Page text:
Reconsider your routines. Many of us do not have any set routines in our daily lives, and simply tackle our obligations, chores, and daily tasks haphazardly. Without structure, it can lead to chaotic days and a drop in productivity. Instead, batch tasks together. Instead of doing your laundry several times throughout the week, do it all on one day. It's helpful to write down all of your weekly and daily obligations, chores, and tasks, and then plan out daily and weekly routines. Hang it up where you can see it and try to follow it. You might find that having a routine brings a new sense of calm and order to your life.

    How to Maintain Order Over the Long-Term

    Once you've successfully decluttered, whether it be one area or all the areas mentioned above, clutter will inevitably begin to creep back into your life. You must be vigilant in weeding it out on a regular basis, or it will just take over your life again.

    Set up a system to keep clutter in check. Examine the way that you do things and how things make their way into your life, and consider whether you can put together a simple system for everything, from your laundry to work projects and email.

    Write down your systems step-by-step and try to follow them as best as you can. Follow your systems and you'll keep the clutter minimized. Don't slack off. It's easy to put things off for another day, but it'll save you headaches in the long-run if you deal with things immediately. Throw it out, donate it, or keep it and put it in a designated area.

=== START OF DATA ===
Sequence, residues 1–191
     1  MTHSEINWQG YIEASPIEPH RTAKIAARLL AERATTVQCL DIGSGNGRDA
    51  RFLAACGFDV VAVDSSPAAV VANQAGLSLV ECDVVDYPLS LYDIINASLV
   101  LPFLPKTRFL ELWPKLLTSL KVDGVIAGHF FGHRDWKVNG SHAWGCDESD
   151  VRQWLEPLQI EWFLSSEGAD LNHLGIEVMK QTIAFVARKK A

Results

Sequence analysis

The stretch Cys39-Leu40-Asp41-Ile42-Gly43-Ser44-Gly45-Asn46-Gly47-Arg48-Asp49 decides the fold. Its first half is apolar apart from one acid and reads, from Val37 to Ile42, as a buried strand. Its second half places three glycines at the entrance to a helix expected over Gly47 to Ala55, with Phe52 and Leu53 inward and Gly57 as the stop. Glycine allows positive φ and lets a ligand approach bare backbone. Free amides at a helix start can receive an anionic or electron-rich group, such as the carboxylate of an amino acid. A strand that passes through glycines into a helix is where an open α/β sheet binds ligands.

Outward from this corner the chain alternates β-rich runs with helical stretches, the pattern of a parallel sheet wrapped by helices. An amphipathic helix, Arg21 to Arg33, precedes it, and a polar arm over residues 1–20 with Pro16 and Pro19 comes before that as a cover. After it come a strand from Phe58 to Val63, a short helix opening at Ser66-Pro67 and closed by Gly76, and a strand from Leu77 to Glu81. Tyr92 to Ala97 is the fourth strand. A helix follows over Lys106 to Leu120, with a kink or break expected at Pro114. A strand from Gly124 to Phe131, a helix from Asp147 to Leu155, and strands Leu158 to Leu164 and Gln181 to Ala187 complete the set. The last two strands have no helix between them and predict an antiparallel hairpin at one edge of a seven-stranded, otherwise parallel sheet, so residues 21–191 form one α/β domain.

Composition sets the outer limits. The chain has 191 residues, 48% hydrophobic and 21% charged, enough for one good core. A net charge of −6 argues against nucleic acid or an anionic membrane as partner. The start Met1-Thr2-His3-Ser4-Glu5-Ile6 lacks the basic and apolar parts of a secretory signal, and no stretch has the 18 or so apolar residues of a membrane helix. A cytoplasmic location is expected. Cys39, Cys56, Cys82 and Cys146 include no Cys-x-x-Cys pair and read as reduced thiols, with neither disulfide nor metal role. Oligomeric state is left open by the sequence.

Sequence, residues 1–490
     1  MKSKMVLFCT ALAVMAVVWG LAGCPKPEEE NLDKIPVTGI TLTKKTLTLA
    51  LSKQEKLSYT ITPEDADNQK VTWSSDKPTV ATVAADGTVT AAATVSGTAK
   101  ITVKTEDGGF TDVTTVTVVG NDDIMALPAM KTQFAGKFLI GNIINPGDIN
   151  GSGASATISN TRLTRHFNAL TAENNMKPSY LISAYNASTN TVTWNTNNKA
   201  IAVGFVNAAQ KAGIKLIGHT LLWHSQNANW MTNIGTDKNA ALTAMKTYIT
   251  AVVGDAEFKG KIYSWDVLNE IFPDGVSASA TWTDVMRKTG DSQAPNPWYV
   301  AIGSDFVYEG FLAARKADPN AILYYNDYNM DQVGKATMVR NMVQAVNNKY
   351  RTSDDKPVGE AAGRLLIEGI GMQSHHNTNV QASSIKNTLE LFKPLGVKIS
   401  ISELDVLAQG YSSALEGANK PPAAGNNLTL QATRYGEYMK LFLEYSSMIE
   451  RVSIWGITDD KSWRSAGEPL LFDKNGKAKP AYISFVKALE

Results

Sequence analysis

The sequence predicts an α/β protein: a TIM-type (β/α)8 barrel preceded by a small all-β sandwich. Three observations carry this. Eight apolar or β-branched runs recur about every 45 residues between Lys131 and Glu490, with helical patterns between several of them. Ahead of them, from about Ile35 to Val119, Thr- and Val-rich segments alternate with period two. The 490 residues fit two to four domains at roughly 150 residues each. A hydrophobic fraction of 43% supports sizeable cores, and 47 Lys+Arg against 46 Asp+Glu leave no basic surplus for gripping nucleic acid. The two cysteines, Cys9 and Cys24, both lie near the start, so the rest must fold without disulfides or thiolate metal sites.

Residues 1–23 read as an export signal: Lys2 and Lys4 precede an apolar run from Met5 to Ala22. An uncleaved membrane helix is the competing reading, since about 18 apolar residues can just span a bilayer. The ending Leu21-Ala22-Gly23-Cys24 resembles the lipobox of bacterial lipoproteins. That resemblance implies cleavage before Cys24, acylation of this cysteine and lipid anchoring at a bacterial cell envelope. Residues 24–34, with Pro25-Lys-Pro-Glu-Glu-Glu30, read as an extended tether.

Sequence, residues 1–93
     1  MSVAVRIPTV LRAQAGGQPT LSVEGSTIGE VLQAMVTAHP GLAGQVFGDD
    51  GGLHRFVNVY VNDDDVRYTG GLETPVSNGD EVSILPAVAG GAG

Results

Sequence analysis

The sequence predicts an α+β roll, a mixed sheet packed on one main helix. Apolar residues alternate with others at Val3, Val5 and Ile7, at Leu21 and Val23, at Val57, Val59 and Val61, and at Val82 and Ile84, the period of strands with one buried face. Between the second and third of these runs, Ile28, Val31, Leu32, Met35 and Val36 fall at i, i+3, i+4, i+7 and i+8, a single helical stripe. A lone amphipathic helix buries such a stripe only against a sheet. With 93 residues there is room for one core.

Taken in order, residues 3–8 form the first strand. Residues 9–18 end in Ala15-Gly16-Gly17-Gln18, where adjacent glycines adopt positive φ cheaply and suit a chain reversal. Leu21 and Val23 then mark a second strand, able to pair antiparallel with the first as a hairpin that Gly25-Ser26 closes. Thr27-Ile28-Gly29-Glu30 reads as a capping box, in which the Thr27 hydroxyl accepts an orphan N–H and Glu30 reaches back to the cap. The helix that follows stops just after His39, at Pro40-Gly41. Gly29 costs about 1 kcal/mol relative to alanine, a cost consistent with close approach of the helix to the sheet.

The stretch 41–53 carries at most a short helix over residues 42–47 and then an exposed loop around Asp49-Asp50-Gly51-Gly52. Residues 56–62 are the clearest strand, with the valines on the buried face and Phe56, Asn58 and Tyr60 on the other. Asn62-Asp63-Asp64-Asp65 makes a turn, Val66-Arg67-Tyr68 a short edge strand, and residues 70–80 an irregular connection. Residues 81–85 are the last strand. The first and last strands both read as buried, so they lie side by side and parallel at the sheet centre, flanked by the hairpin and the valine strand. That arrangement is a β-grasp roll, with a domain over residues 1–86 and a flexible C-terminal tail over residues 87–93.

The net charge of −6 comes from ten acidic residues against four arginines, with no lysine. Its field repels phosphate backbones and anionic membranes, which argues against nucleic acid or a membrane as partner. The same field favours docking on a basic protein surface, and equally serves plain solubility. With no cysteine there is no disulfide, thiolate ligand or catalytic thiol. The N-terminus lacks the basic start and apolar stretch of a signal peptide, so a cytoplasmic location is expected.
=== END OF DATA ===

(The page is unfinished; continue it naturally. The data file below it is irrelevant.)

Now is a great time to get things in order and banish the stress, anxiety and anguish that a messy home can cause for you and all those you love.

    Your coach, Michael Webb

    P.S. I have a friend who told me that he deliberately stayed at work late because he hated to go home to a messy house (his wife is the messy one). His wife, learning how to keep the house uncluttered, saved their marriage. Unclutter and save your relationship.

    Michael Webb is the world's best known romance expert -- and husband to Athena for over 20 years. He has written over a dozen books on relationships and has appeared on over 500 TV and radio shows. His best selling ebooks:

  • 1000 Questions for Couples - What you should absolutely know about your mate

  • 500 Love Making Tips

  • 50 Secrets of Blissful Relationships

  • 100 Great Sex Games For Couples.